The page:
Climbing Ivy – Taking Back Control of Your Garden

by Veronica on October 14, 2011 · 1 comment

in Gardening Tips

Climbing Ivy

Climbing Ivy

With lush, beautiful foliage and a unique appearance, wall-climbing ivy is often used in home garden designs. But since it’s extremely hardy by nature, it’s easy to quickly end up overtaking over areas of your garden that you hadn’t intended. If it does happen to end up going haywire on you, you have to react and make adjustments quickly if you don’t want it to get entirely out of control. There are two options here: You can choose to get it back under control or to simply get rid of it.

Preparing to deal with troublesome climbing ivy

Before you even think about putting on your gardening hat, you should be prepared for climbing ivy problems. Prune your ivy in the early spring or late winter. This will make it much easier on you since you’ll be able to better see where the trimming is needed most. Gather up everything you’re going to need such as your gardening gloves, refuse bag, a scraper, pruning shears, non-selective weed-killer and possibly a ladder. Ready?

Trimming your wall-climbing ivy

I’m assuming here that you like your climbing ivy and want to keep it – you just don’t want it running rampant where ever it wants to go. Take a few minutes to really look at it, so you can get a good idea of where it’s going and decide how much you want to trim off.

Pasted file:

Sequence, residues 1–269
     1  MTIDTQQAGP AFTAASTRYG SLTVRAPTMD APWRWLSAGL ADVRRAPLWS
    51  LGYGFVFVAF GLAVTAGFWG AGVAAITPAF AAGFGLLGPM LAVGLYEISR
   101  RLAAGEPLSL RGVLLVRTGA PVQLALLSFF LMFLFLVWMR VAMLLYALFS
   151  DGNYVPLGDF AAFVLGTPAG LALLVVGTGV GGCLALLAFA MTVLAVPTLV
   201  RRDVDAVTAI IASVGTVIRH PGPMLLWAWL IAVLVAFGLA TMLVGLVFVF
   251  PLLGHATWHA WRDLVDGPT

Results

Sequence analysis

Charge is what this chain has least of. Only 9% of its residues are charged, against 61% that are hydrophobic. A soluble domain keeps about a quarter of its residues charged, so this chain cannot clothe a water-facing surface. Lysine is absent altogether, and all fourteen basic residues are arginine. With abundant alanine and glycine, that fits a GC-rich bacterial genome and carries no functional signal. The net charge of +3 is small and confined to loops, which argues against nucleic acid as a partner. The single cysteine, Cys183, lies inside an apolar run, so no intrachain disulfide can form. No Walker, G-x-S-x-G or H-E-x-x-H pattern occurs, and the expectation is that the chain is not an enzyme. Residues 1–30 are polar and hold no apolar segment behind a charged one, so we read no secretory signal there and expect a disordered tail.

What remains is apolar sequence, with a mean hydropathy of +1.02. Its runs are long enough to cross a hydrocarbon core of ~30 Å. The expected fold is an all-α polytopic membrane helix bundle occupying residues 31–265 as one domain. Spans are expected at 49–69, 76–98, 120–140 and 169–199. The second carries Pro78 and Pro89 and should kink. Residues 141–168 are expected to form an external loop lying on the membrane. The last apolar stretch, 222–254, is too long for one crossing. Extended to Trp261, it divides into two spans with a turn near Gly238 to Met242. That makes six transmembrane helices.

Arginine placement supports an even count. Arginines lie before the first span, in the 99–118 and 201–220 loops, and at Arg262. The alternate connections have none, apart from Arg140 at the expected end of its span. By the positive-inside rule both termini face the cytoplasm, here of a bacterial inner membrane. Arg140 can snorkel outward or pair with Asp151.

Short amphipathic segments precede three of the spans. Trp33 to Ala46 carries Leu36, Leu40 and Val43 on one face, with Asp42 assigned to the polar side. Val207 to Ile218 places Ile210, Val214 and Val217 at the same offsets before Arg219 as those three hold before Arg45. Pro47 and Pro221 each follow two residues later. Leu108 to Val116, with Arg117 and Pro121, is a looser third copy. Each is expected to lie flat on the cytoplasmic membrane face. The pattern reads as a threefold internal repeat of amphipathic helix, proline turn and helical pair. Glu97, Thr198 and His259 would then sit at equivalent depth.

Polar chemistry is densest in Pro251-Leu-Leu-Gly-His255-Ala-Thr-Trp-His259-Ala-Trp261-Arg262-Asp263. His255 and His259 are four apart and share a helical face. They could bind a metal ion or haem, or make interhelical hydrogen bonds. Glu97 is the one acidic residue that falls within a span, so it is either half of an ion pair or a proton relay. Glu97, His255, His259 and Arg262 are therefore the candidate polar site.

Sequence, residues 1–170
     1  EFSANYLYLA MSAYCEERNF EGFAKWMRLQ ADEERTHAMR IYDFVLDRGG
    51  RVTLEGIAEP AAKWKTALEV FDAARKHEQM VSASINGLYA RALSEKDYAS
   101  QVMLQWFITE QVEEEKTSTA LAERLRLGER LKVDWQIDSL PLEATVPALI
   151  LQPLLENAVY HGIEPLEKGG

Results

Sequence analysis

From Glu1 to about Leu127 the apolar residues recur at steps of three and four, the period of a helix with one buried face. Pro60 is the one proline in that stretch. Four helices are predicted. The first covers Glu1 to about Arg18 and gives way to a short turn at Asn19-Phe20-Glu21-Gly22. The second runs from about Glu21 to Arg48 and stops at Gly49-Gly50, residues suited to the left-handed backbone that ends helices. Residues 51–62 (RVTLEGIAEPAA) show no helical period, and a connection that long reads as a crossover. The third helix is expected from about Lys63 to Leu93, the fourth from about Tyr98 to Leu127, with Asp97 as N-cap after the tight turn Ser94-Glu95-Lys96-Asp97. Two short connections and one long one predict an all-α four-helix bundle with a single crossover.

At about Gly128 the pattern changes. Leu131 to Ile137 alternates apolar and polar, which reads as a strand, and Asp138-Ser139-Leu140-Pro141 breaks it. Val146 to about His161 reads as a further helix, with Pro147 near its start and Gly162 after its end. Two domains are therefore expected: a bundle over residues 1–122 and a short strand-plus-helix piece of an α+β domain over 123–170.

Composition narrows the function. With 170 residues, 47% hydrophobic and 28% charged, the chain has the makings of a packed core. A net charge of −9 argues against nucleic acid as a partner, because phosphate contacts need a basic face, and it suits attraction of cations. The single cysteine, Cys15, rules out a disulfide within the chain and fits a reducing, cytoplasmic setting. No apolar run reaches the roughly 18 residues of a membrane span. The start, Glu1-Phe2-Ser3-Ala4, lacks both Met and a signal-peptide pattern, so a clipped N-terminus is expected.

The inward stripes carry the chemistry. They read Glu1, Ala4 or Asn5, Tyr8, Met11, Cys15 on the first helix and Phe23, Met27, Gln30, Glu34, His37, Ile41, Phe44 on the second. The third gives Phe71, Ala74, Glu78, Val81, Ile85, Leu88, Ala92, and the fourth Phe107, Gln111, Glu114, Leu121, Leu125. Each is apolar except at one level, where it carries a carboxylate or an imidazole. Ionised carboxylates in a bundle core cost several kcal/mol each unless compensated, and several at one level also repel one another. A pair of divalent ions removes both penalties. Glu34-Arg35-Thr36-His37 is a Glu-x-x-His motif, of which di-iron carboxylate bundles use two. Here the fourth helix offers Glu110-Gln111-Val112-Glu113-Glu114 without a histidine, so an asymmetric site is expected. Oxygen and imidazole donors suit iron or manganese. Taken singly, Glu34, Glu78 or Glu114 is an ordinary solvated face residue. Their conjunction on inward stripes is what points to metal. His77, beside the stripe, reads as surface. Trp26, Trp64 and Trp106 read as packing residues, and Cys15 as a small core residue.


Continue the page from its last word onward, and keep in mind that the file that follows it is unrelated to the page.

Start your trimming in areas where the ivy is fine and trim the fresh tendrils of growth. Once you’re done with those areas, then it’s time to move on to the troublesome areas. Randomly, yet carefully, cut back some of the stems. Be careful not to cut too many in one area as you’re going along though. Don’t worry too much if you mess up and cut too much. Ivy grows fast, so it’ll take care of itself in no time at all. If your ivy has just gotten completely out of hand then you may just want to permanently get rid of it (and maybe start fresh with a new one)…

Permanent ivy removal

If you just don’t want to deal with your climbing ivy anymore, then trim away the majority of it with pruning sheets. Once you have the bulk of it trimmed away, take a scraper to it. If you have a brush with stiff bristles (like a wire brush you’d use on the grill) you can use that, too. Now it should stop growing. Just gather together all the trimmings and toss ‘em in your refuse bag.

Destroying the roots

Now you need to make sure the roots don’t come back to haunt you. For this, use a non-selective weed killer. Cover up any plants you want to protect before you start spraying, as you don’t want to risk killing anything you want to keep. Oh, and of course use gloves so you can protect your hands from the chemicals, too.

About The Author

Veronica Davis is a WAHM freelance writer. She suggests that you always check for coupons online before heading to Home Depot or your favorite home-store to buy supplies for your gardening projects.

{ 1 comment… read it below or add one }

Ben Neale October 14, 2011 at 7:08 pm

Good advice, Veronica. The Ivy in our garden was in danger of getting out of hand, and I was tempted to get rid of the whole lot. It's good to understand how to control ivy, by trimming it correctly. It's also good to know I can be quite aggressive with it, as it won't take long to grow back again!

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